How do I 'measure the temperature' of where my investment properties are located? Wealth-creation webinar postscript
In other words, what is the potential for future capital gains and growth in rental yields in the location of your investments?
The answer to this straightforward question may guide your decision whether to hold on to the properties and whether or not to buy another in the same suburb.
Bernie Mitchell of Focus Property Management suggests that you first look at the levels of stock for sale and rent in your area. And also try to ascertain how long properties tend to be on the market before being sold. This can provide a vital key to the possible future capital gains and growth in rental yields.
“Say about 100 properties a year are sold in a suburb, and there are 300 properties on the market,” Mitchell says. “Basically, there is three years’ of sales stock on the market now.” [Of course, unsold stock levels can vary significantly with the state of the overall property market.]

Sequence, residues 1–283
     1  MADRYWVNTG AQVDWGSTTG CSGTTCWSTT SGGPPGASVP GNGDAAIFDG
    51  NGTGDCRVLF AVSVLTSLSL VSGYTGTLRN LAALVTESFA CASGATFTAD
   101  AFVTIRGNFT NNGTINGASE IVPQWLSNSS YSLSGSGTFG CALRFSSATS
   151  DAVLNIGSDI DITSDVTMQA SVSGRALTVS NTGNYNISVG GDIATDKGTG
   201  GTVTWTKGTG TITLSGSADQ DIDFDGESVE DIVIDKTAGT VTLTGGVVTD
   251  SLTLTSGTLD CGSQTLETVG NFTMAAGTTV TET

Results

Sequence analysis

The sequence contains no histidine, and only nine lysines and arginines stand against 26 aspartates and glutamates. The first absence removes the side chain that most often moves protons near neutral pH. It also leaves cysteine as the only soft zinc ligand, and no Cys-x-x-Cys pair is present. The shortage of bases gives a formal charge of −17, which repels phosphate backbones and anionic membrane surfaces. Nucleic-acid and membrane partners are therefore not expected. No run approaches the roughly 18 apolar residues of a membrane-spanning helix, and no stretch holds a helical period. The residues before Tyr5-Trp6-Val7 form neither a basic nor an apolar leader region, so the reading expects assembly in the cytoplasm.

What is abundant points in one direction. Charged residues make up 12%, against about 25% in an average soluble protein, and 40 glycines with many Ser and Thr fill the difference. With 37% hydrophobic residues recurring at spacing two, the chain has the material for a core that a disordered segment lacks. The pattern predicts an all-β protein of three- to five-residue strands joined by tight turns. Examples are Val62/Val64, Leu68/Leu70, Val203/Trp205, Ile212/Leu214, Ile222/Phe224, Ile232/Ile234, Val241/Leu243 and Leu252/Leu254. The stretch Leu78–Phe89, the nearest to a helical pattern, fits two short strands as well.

The same principle applies with the stock of properties to rent. If a suburb has a large stock of properties to rent – in other words, a high vacancy rate – it will be tougher to earn your desired rental yield.
Investors can do much of the basic research into the numbers of properties for sale and rent by searching real estate websites and by speaking to local real estate agents as well as buyer’s agents.
Signs of a strong area for property investments can include solid population growth and improving infrastructure such as the building or planned building of motorways. Quality of public transport can be a valuable indicator.
Mitchell warns, however, that strong population growth in, say, a regional area can be for a specific reason that may not lead to long-term benefits for your property investments. So do your homework.
For more questions to ask as to how your residential property portfolio is performing, download our free eBook.
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